…our culture does not welcome expressions of either grief or mourning. Indeed, there tends to be an expectation that we should either put on a stoic face or “just get over it.” The process takes time. I feel the best and most difficult thing I can do during the holidays, or any other time, is to lean into what I’m feeling, i.e., feel what I feel when I feel it.
Grief and mourning comes in states and in waves—acknowledging and honoring those feelings is how I move those thick energies. Shutting down to them or closing them off only delays healing and prolongs suffering—it doesn’t lessen until it’s leaned into. Yep, there are times when the waves rise in places or situations where they cannot easily be acknowledged and honored (due to social normative expectations). In those cases, I’ve set aside what was coming up and then re-opened to them as soon as possible in a place that is safe and welcoming.
Also, honoring times of the year when losses occurred is very important to me. There are certain times of the year when memories rise for me—three times of the year in particular: 10/23 (1983 USMC bombing in Beirut), Vet’s Day, and Memorial Day. A lot of my friends were killed when I was in the service. Around those dates, I’m kind to myself. I take things off my plate; I allow time for myself and take better care of myself. These are quiet times for me—I take times out in stillness. And I also take time out for my old friends and occasionally have a good cry. Likewise, I watch out for depression—that’s a different kettle of fish. Again, it’s about leaning in rather than self-distracting.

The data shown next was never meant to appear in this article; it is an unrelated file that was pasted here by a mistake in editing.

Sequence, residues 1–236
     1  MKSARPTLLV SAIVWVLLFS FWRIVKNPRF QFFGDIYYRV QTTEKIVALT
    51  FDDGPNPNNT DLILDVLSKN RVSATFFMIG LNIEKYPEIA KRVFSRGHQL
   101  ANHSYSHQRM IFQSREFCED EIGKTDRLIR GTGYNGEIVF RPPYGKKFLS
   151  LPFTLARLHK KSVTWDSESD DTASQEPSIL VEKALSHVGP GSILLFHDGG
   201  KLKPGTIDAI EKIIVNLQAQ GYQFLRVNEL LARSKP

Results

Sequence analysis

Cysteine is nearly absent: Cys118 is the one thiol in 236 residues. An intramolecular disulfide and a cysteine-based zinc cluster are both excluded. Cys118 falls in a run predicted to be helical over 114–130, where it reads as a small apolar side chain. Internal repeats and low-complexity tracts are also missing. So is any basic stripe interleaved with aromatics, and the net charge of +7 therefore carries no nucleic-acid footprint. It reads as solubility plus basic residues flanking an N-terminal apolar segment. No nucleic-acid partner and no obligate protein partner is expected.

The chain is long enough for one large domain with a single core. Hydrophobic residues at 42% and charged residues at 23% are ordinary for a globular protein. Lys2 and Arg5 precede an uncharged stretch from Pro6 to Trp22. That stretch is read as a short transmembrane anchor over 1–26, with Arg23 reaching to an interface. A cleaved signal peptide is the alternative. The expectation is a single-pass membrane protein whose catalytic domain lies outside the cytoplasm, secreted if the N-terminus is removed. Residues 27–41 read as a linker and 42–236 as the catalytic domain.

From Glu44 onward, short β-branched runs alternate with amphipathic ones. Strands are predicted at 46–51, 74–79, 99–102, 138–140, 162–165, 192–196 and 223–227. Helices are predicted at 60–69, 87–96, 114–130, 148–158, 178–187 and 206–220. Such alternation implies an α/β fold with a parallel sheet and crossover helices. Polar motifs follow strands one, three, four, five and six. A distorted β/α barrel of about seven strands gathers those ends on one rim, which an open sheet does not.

I’m an experiential learner…what I’ve shared is how I learned to cope well with grief and mourning. It’s a process and it is a marvelous, albeit at times very painful, softening when we let what’s real come through—it’s through grief and mourning where I have softened the most. I have given and received incredible forgiveness, learned tremendous compassion and mercy for both myself and others, become a much kinder and gentler person, and much more…it does get better and the gifts that come are beyond words.
I found a new website called Widow’s Voice…it’s seven widows each writing on a particular day each week. The stuff they write about is deep and may resonate with our clients who have lost a beloved spouse. Check it out!